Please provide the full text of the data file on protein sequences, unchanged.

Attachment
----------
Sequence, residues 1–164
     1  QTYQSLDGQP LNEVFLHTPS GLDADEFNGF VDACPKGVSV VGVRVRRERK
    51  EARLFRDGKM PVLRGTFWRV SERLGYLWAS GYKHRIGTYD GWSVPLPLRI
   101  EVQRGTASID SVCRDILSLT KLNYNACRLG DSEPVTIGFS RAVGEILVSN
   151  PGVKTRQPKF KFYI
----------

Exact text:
Sequence, residues 1–164
     1  QTYQSLDGQP LNEVFLHTPS GLDADEFNGF VDACPKGVSV VGVRVRRERK
    51  EARLFRDGKM PVLRGTFWRV SERLGYLWAS GYKHRIGTYD GWSVPLPLRI
   101  EVQRGTASID SVCRDILSLT KLNYNACRLG DSEPVTIGFS RAVGEILVSN
   151  PGVKTRQPKF KFYI